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Birth Order and Health of Newborns: What Can We Learn from Danish Registry Data?

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  • Molitor, Ramona
  • Anne , Ardila Brenøe

Abstract

Research has shown a strong negative correlation between birth order and educational outcomes. We ask whether birth order differences in health are present at birth using matched administrative data for more than 1,000,000 children born in Denmark between 1981 and 2010. Using family fixed effects models, we find a positive and robust birth order effect; lower parity children are less healthy at birth. Looking at the potential mechanisms, we find that during earlier pregnancies women have higher labor market attachment, behave more risky in terms of smoking, receive more prenatal care, and are diagnosed with more medical pregnancy complications. Yet, none of these factors explain the birth order differences at birth. The positive birth order effect at birth stands in stark contrast to a negative birth order effect in educational performance. Once we control for health at birth, the negative birth order effect in educational performance further increases.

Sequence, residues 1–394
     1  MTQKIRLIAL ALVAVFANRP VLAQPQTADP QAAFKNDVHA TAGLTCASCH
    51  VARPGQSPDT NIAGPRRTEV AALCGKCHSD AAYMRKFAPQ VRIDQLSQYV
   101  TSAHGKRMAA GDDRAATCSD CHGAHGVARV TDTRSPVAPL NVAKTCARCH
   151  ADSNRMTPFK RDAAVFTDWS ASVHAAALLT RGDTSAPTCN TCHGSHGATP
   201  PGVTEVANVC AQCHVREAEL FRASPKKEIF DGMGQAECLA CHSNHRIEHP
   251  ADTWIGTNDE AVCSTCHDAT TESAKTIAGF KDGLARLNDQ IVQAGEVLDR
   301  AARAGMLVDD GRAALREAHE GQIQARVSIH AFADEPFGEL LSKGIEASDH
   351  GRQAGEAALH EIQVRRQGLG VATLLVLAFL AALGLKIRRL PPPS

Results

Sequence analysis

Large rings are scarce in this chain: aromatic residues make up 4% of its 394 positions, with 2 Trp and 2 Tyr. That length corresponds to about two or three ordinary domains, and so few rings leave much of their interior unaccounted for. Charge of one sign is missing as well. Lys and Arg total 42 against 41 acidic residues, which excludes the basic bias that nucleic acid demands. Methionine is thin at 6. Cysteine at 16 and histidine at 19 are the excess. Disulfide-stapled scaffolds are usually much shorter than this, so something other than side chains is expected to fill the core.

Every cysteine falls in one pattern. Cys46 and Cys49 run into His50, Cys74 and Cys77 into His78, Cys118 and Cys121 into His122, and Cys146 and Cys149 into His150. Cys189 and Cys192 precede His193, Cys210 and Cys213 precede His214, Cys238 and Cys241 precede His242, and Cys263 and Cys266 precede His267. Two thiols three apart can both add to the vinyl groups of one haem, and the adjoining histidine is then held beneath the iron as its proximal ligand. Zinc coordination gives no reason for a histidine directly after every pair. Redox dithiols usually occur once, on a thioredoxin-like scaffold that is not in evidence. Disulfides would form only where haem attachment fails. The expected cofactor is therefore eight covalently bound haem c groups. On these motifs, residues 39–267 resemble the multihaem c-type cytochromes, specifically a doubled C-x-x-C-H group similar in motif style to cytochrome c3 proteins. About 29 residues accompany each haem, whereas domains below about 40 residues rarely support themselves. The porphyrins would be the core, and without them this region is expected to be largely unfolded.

Suggested Citation

  • Molitor, Ramona & Anne , Ardila Brenøe, 2016. "Birth Order and Health of Newborns: What Can We Learn from Danish Registry Data?," Annual Conference 2016 (Augsburg): Demographic Change 145524, Verein für Socialpolitik / German Economic Association.
  • Handle: RePEc:zbw:vfsc16:145524
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    References listed on IDEAS

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    Cited by:

    1. Björkegren, Evelina & Svaleryd, Helena, 2017. "Birth Order and Child Health," Working Paper Series 2017:16, IFAU - Institute for Evaluation of Labour Market and Education Policy.

    More about this item

    JEL classification:

    • I10 - Health, Education, and Welfare - - Health - - - General
    • J12 - Labor and Demographic Economics - - Demographic Economics - - - Marriage; Marital Dissolution; Family Structure
    • J13 - Labor and Demographic Economics - - Demographic Economics - - - Fertility; Family Planning; Child Care; Children; Youth

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